EDIT – More than 50% of the women I know are scientists and mathematicians, bear this in mind when I use 50’s definitions of “woman activity”.  This is the modern age, I sometimes write about it in older, inappropriate language.  Sorry about that.

I wrote this post, Femininist, a couple of years ago, because I was tired of being that man wearing a skirt, and NOT trying to be Trans, A Girl, (well, alright a woman, but I’m still so young in my head…), gay, in drag or anything else.  When I was married my wife hated me wearing a skirt because she a “a little Welsh Girl”, bought up in rural Wales where, with all due respect, there are mostly farmers and Men must be Men.  As farming fails this culture is changing.  But she would fight like a tiger for it, my right to do it.  I had a lot of reasons for doing it, read the post.

My wearing skirts had a much more profound effect on my boys than I had thought we were more grown up as a society than we are.   While my friends are universally supportive of whatever I do, the general public is not.  Bigoted attitudes have come from parents and been passed clearly to their children.

Moving on.

Point is, that up until a short time ago I was just fighting the good fight, being that guy, taking care of my kids, teaching them that true equality does not come out of watching every word you say, (though I have been banging on at them for ten years now that the term “Gay” should not be used as a term of derogation, I have succeeded, largely), it comes out what real respect you pay, out of recognising the shortcomings of each side of the fence, (Equal pay anyone?  how about equal Marriage rights, let alone this article and my commenting blog), it comes out of accepting that people are not the same, and that our differences make us strong.

I was asked recently what the real difference is between Men and Women.  I don’t know, I am beginning to think that in an advanced, civilised, modern, society

that the differences are ineffable.  Nevertheless I have had to teach my boys to be Men, (as I have said elsewhere), one of the things that I have had to teach them is that they must respect women and a woman’s right to say no.  The flip side is that I have also had to teach them that they must trust any woman they are alone with implicitly, an accusation of rape or sexual molestation can blight a man’s life forever, true or not.  Let’s be clear here, this is about their behaviour, not necessarily about false accusations, though that possibility is included.  This is a dreadful thing to have to say to a young man, but I shall not dwell upon it, that’s not the point of this entry.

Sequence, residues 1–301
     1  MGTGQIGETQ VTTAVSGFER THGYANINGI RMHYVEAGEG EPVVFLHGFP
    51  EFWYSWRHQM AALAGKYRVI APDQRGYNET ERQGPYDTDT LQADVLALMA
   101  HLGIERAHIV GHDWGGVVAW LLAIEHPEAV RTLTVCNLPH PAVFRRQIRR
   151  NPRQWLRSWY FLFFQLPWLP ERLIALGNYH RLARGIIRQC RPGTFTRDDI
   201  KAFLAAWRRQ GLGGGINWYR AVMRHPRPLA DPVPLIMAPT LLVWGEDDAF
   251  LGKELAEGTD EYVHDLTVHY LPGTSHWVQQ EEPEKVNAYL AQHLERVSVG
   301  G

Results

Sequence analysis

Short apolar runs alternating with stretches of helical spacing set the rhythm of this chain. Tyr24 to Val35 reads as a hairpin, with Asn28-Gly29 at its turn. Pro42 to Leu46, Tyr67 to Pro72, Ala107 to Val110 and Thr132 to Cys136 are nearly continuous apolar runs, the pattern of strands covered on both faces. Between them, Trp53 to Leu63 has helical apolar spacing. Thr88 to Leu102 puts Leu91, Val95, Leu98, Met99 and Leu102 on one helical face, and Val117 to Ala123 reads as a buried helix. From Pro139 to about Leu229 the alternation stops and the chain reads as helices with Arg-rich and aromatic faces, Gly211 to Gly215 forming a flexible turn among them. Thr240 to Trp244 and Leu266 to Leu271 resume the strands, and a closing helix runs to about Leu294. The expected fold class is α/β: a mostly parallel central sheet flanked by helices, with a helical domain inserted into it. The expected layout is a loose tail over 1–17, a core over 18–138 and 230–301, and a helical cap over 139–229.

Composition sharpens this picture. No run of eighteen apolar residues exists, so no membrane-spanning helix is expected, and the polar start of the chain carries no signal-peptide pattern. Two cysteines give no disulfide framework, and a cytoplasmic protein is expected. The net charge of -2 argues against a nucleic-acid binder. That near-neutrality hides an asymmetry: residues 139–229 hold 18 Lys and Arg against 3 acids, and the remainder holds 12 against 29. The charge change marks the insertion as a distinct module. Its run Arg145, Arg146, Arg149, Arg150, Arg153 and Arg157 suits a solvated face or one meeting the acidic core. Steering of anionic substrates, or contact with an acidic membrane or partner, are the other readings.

The point is that I have had misogyny when wearing skirts, in the street, and in work; at a University I might.  You can imagine that I slapped it down pretty hard.  I felt minimised, and I don’t bloody take that well.  Especially someone in Uni should be thinking about my head not my ass, or about if my skirt is “too white” and thus “too transparent in the sun”.  Fuck off.  I can tell the difference between jokes and misogyny.  I slapped down 18 year olds when I was doing my degree, sure as hell wasn’t going to take it from a work colleague.  And I might add that at the end of that degree, the now 21 year olds were right in my corner, and their parents thanked me for guiding their sons and daughters, for showing them that it was ok to be them.  Apparently many of my uni colleagues mentioned me to their parents, I didn’t think I had made that much of an impression really.  Many of them are still my friends, we’re around the country now, so this means Facebook, but they are mature and clever young Men and Women and I am proud of them if I may be so arrogant.

So why am I going Girly?

I ask myself this, and I outed myself on FaceBook without even meaning to as such, it came as just an off remark about wanting to be less mannish and enjoying the feminine clothes that I had been wearing recently, yes, drag mode, and enjoying the iodea that many of my friends see me as not worldly, (I am aware that have just insulted Real Women everywhere, sorry), and that I have had many many, talks with people about sex and love and child rearing and friendship and life and feelings and fashion

and shape and desire, and that all of them, ALL OF THEM, have eventually said to me,

Gosh Friday, you really are such a girl.

It’s not what I wear that makes me a girl inside, that is outside, I like it because I see men as not pretty, and I want to be pretty, well, alright, prettier, I don’t ever think I’ll get to pretty; it is what I say and do.  It is the sewing and the cleaning and the cooking, and the career break to look after children, (which by the way started and shagged my career path at the same time), the protesting at being a Man with what is done to men, (I refer you to the blog entry, Boys will be boys) once more), the tightness of corsets, the feeling that I’m missing a part of my body, (yes breasts), the feeling of emptiness in my belly because I can never carry a child under my heart, which has sometimes made me howl in the pain of that emptiness.  (So yes, ladies, I do know, intimately, something of what you are going through if you cannot get pregnant, except that there is, and never was any hope for me, I lived it vicariously through my wife, when we had our boys).  It is a hole in my very soul, and nothing can fill it. So yes I have been a “girl inside” for a long time.